Students in clinics represent clients directly during the preparation, trial and appeal of cases in litigation or in law-related business transactions and projects. Clinic students are closely supervised by faculty members. Interns examine the lawyering and judicial processes while working outside the law school under the close supervision of experienced attorneys or judges.

The University of Texas School of Law has long had one of the outstanding faculties in the nation, both in terms of the scholarly distinction of the faculty members and their success in the classroom. Giants of twentieth-century law like Leon Green, '15, W. Page Keeton, '31, Charles Tilford McCormick, and Charles Allan Wright spent decades on the Texas faculty, and in the process transformed the school from a regional powerhouse into one of the nation's elite law schools.

The tradition of academic excellence continues today. A recent study published in Science Watch (2003) ranked Texas Law faculty fifth in the nation for scholarly impact. A 1996 Chicago-Kent Law Review study found that articles by Texas faculty were sited more often by the courts than articles by any other law faculty in the nation. More than a third of the faculty have been elected to the American Law Institute (one of the highest proportions of faculty membership in the nation). Texas is one of only nine law schools to have at least four faculty elected to the American Academy of Arts and Sciences, the nation's most prestigious learned society. Another faculty member was elected to the British Academy.

For eight years in a row now, national surveys of law student satisfaction with teaching conducted by The Princeton Review have named Texas one of the top ten teaching faculties in the United States, even ranking Texas first one year. Of the nation's top law schools, only Texas and the University of Chicago Law School have enjoyed such consistently high marks for teaching.

Texas enjoys a leadership position in many areas of legal study. The breadth and depth of offerings in several areas – constitutional law, environmental law, wills and estates, admiralty and maritime law, torts and product liability, labor law, jurisprudence, and philosophy, among others – is matched by few if any schools in the country.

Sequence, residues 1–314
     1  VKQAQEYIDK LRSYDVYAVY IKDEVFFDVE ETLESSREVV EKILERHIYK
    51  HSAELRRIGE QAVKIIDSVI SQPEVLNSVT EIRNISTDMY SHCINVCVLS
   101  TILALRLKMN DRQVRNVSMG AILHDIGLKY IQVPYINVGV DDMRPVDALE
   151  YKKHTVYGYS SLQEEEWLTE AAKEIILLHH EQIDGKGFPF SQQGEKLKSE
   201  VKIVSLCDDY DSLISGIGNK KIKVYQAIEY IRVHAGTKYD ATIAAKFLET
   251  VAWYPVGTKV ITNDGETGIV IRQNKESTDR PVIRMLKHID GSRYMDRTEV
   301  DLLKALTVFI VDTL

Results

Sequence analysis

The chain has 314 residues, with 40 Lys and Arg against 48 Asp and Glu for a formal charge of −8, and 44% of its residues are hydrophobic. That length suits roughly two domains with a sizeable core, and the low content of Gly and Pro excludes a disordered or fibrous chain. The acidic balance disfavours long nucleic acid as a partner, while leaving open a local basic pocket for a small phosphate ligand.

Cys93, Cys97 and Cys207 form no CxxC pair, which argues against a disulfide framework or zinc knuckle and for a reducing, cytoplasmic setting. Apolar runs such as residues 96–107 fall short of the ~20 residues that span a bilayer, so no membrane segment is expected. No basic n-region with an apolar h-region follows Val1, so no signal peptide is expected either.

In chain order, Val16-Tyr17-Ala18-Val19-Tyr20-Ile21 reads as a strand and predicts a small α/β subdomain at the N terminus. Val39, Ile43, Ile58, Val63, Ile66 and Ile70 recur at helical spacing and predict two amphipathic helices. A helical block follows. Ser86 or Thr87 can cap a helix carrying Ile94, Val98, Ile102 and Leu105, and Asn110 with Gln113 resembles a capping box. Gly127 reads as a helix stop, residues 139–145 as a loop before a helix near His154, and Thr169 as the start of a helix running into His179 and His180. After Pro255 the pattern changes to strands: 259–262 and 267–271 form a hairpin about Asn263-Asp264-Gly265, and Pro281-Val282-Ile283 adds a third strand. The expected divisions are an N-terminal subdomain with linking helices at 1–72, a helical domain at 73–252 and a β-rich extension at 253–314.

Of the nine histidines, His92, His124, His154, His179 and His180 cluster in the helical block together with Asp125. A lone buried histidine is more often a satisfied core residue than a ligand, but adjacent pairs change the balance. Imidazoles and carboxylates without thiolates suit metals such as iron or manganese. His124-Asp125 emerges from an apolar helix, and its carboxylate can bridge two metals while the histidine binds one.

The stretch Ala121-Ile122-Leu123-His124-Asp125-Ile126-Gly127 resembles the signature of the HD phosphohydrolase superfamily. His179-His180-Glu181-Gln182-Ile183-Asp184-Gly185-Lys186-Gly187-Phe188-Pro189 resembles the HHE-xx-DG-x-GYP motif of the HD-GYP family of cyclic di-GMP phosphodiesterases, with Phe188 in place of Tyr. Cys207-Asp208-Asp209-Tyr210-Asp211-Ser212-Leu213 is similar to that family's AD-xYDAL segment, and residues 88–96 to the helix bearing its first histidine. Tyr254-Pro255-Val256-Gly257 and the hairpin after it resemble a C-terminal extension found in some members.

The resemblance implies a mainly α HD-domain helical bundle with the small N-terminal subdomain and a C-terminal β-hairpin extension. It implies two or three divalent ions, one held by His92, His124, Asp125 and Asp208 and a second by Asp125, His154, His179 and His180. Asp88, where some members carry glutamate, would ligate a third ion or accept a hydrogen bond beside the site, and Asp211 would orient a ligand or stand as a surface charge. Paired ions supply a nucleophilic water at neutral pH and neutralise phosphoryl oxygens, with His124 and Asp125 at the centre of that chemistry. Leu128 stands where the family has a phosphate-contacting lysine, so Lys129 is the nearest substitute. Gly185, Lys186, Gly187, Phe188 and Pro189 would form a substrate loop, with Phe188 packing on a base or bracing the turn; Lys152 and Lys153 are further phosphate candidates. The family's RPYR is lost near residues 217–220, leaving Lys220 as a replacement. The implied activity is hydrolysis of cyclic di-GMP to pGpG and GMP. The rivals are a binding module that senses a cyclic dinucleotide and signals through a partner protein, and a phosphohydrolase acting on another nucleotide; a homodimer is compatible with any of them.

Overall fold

We encourage students to become stronger legal writers by taking an active part in their own writing process. The Writing Center does not guarantee better grades. Nor do we offer proofreading or editing services, or assist in analyzing substantive legal issues. Instead, we advise on issues of style, mechanics, and argument structure; writing for particular audiences; and choosing rhetorical strategies.

The Law School Writing Center provides students with individualized, professional writing help at no charge. Please read the frequently asked questions and feel free to contact the writing consultant if you need additional information about this service.

The Tarlton Law Library of the Joseph J. Jamail Center for Legal Research is the seventh-largest academic law library in the United States and the finest legal research center in the Southwest. It houses working collections from many other countries, with special strength in primary legal materials from Latin America and Western European nations, as well as a full depository for European Union documents and United Nations publications. The library receives more than 8,600 periodicals, including at least one copy of every American law review. A suite of rooms in the Law Library is allocated to rare books, manuscripts, law school archives, and special collections of materials ranging from a fifteenth-century Roman law codex to papers of former U.S Supreme Court justice Tom C. Clark. The library also has multiple sets of the most frequently used reporters, statutes, and treatises to meet the demands of a large faculty and student body. And, according to recent Research Libraries Group (RLG) statistics, the UT Law library is the largest net lender of all member law libraries, a membership that includes institutions such as Harvard and Yale.

Law students may use the center's personal computers or use Ethernet and wireless connections. In addition, the library offers law students access to LEXIS-NEXIS and WESTLAW and a variety of other electronic databases and information services. Special facilities and equipment, includng Dragon Dictate voice-recognition software, are provided for use by law students with special needs.